The tongue is considered the “root of the heart” and looking at a person’s tongue is a great way to assess their heart health. Heart pathology is reflected in the tongue, especially the tip. A red tip indicates heat in the heart. Excess heat in the heart will give rise to symptoms of insomnia, heart palpitations, a red facial complexion and a bitter taste in the mouth. On the other hand, a pale tongue indicates deficiency.  Symptoms of a heart deficiency can be: shortness of breath, spontaneous perspiration, dream disturbed sleep, and being easily startled. Remember, TCM is all about BALANCE, so the heart organ should not be in a state of excess or deficiency. The ideal tongue should be of light red colour, have a clear, moist coating and be free of any cracks, teeth marks or deviations.
Also, because of the tongue’s close relation to the heart, issues with speech can indicate a heart imbalance. This can be seen as incessant talking, rapid speech, laughing inappropriately or more serious conditions such as stuttering and aphasia (an inability to speak).
4. Associated with a Bitter Taste:
In 5 Element theory, every organ is associated with a taste (bitter, sour, sweet, salty and spicy). The heart is associated with a bitter taste. This means that if you have a bitter taste in your mouth or are craving bitter foods then your heart is in need of some attention! The colour associated with the heart is red, so in TCM red, warm foods are said to nourish the heart, improve circulation and build yang energy.
Foods that benefit the heart:
  • Watermelon
  • Tomatoes
  • Beef
  • Red beans
  • Red apples
  • Beets
  • Radish
  • Rhubarb
  • Strawberries
  • Red lentiles
  • Red dates
  • Chili
  • Cumin
5. Emotion: Joy
Just as every organ has an associated taste, there is also an emotion attached to each organ. The 5 Emotions are: sadness (the lungs), fear (the kidneys), worry (the spleen), anger (the Liver) and joy (the heart). To improve your heart health all you have to do is SMILE! A genuine expression of joy and happiness will do wonders for your heart. Smiling initiates a positive physiological healing effect on the whole body – especially on the heart. This is one great cardiovascular exercise that doesn’t involve running on a treadmill 🙂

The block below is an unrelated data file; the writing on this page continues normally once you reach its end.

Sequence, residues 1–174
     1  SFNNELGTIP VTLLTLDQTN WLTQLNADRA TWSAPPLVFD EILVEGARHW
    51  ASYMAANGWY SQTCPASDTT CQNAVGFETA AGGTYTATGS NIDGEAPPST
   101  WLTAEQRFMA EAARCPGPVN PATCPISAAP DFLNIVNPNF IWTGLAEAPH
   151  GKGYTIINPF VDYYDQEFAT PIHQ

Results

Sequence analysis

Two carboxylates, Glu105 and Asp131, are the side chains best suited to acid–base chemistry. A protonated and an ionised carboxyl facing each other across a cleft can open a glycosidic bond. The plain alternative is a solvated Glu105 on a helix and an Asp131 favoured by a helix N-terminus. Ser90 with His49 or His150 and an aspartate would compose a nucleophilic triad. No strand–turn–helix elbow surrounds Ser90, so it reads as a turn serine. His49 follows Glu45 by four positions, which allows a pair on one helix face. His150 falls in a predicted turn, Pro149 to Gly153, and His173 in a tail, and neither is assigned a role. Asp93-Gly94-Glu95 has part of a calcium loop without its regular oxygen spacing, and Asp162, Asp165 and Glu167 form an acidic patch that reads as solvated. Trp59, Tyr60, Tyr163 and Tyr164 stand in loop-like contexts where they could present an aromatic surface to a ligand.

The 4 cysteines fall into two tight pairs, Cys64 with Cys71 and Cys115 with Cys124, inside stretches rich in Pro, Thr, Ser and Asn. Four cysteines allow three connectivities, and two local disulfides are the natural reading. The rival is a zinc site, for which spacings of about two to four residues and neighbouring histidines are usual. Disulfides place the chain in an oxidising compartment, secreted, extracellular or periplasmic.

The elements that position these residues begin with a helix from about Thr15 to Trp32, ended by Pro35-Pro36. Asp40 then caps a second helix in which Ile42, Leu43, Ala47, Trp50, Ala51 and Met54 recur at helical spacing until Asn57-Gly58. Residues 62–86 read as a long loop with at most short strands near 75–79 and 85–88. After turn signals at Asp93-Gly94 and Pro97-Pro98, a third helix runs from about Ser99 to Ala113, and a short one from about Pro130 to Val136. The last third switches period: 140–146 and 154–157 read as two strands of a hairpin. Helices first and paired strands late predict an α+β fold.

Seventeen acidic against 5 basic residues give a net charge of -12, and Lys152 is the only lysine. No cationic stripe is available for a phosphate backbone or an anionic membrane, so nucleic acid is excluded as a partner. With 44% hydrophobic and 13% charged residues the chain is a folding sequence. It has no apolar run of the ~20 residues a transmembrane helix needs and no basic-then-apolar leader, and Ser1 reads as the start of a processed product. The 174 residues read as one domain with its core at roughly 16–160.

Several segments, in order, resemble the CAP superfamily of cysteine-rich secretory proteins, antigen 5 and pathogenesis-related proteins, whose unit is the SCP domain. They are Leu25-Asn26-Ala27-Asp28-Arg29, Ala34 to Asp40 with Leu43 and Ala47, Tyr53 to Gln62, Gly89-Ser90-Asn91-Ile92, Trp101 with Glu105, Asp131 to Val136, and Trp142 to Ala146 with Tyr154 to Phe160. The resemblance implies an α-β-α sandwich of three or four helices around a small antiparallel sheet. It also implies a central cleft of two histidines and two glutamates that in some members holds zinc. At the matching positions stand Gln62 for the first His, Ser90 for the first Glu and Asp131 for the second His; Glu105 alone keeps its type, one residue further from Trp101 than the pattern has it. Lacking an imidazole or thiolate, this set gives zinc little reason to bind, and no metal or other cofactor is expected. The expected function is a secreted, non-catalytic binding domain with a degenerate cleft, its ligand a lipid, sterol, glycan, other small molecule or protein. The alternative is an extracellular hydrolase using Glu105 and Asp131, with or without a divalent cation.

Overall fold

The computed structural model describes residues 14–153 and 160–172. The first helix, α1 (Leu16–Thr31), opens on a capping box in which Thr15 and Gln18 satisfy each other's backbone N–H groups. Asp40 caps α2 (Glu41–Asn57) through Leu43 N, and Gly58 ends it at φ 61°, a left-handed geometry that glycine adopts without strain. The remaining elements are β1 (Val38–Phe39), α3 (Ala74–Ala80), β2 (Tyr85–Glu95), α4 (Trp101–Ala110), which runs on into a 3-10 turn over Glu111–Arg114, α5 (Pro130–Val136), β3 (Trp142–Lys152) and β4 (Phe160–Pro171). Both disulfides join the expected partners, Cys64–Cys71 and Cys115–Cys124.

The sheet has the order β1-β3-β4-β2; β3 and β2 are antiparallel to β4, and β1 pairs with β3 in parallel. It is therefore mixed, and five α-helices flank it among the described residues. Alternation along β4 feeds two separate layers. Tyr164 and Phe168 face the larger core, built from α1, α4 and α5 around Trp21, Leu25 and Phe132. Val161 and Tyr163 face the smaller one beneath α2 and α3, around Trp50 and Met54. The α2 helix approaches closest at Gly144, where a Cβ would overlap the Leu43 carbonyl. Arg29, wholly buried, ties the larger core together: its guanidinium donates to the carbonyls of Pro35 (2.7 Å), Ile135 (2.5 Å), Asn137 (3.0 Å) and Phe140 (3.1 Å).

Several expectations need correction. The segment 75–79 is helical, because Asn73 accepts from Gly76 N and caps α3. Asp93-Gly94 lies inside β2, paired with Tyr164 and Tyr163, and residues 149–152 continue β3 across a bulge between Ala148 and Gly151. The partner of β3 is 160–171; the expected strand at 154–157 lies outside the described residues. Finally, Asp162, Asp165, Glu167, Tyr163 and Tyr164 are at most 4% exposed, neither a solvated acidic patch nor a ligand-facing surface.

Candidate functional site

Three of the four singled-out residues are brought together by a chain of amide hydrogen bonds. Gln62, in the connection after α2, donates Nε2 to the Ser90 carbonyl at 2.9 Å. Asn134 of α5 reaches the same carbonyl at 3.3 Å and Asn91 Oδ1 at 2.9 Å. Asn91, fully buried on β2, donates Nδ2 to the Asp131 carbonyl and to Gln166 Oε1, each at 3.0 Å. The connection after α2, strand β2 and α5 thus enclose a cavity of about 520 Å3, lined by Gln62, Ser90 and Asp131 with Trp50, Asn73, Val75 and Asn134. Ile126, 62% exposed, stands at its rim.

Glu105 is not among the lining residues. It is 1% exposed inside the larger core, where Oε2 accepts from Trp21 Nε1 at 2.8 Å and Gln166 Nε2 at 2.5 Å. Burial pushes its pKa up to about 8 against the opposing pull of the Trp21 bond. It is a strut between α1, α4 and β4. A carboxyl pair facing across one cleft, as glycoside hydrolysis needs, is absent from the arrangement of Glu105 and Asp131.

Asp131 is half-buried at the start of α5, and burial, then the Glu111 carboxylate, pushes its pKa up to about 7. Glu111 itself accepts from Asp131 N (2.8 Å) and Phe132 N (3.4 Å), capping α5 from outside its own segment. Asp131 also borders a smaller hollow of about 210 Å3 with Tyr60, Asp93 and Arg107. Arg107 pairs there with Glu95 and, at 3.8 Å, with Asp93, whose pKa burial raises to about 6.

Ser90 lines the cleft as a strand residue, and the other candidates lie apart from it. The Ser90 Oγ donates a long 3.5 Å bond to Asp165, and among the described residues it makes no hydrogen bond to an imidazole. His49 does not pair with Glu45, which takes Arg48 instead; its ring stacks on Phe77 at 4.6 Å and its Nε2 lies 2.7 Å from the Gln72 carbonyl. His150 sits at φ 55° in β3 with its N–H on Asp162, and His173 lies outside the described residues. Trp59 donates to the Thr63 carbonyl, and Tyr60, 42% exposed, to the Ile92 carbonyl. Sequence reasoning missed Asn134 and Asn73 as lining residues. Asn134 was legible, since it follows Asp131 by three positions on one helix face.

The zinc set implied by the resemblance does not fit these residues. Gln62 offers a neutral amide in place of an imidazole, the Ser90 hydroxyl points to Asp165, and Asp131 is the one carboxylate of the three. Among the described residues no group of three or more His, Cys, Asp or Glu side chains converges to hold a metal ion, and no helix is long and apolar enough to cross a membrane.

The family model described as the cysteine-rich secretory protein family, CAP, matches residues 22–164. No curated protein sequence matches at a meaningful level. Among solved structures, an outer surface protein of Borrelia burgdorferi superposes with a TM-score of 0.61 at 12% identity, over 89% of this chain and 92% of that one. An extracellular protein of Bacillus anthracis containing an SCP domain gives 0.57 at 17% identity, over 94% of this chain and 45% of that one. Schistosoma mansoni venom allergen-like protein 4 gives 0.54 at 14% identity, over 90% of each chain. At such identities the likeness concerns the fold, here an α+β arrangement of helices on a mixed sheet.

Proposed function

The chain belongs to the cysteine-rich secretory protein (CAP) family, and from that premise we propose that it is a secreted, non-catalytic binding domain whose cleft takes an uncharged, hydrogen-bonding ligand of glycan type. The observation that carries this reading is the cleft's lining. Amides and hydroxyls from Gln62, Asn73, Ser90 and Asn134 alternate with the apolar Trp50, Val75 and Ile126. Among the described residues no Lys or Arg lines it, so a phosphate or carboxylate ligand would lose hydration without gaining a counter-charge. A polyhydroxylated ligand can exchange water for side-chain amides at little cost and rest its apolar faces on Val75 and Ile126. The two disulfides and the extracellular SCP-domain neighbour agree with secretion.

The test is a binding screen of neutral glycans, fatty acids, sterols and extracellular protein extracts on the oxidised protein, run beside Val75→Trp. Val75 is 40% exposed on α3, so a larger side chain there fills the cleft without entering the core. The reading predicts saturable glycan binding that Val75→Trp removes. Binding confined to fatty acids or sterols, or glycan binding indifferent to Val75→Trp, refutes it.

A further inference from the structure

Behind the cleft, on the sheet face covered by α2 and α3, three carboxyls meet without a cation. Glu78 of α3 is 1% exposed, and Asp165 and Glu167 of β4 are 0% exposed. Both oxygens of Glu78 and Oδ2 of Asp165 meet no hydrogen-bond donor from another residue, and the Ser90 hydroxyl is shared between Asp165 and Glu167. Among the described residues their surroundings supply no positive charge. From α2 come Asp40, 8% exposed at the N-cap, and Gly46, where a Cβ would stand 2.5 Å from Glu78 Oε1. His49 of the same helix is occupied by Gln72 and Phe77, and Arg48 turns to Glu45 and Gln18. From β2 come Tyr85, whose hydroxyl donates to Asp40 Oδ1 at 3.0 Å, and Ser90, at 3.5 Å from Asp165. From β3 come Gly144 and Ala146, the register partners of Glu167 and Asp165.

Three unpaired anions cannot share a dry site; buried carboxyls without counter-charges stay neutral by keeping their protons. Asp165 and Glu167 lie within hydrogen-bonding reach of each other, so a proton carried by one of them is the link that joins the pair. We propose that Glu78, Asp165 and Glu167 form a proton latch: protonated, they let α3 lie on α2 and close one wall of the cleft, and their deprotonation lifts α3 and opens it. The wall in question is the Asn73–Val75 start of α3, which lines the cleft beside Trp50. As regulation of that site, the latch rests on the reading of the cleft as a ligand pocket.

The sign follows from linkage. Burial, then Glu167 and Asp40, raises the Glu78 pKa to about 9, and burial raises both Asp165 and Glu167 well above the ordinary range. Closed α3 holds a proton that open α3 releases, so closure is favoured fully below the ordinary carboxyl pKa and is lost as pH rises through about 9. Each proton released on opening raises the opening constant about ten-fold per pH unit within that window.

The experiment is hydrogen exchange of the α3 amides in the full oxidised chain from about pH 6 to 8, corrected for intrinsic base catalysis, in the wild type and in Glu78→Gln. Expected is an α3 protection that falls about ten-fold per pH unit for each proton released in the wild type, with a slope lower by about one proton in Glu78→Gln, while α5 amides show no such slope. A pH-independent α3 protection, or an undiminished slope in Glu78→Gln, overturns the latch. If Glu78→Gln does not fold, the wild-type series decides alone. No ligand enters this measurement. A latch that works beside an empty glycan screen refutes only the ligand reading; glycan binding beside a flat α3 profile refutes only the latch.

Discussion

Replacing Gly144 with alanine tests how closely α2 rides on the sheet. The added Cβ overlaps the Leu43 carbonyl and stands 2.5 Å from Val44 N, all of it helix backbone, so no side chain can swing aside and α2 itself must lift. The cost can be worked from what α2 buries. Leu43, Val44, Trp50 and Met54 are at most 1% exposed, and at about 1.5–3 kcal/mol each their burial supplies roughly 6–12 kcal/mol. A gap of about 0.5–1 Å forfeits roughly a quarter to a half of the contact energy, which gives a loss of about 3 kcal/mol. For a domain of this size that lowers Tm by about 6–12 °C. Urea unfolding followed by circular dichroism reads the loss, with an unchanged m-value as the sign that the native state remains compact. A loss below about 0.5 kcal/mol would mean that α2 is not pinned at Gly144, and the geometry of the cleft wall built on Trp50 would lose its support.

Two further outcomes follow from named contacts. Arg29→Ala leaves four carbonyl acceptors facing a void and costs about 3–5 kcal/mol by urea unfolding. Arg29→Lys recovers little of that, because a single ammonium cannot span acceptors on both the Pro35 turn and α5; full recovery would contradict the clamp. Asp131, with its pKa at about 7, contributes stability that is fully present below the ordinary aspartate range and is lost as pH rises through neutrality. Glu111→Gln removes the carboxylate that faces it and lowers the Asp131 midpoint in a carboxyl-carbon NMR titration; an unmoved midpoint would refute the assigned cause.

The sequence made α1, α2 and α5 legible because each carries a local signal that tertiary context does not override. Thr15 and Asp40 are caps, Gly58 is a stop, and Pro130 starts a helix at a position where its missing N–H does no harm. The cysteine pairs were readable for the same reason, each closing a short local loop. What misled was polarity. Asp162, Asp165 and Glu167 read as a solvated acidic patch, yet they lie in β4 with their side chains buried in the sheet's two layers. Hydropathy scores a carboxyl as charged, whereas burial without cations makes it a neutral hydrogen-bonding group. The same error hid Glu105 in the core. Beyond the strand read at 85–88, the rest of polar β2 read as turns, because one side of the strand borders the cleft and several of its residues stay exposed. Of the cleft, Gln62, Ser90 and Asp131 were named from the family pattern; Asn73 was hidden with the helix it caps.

If you think you have a heart imbalance or you would simply like to enhance your memory, focus, concentration or sleep than you need a heart-focused acupuncture treatment! Give us a call and schedule an appointment. We will do a full TCM assessment to determine the best plan of care for you.
Call Today: 647.299.4631 or 905.553.9255
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Acupuncture & Pregnancy Health – Natural support for women during pregnancy, labour and delivery

Pregnancy is an amazing time in a woman’s life. Many women report feeling healthier than they have ever felt before; however, the physical growth of the baby and changes in hormone levels can bring about pain, discomfort and a variety of health problems.
Acupuncture and Traditional Chinese Medicine (TCM) can provide a safe, effective alternative for many of the health complications that may arise before, during and after pregnancy. A growing number of women are choosing acupuncture to use throughout their pregnancy and as an optional treatment for an overdue or difficult labor.
Planning for a Healthy Baby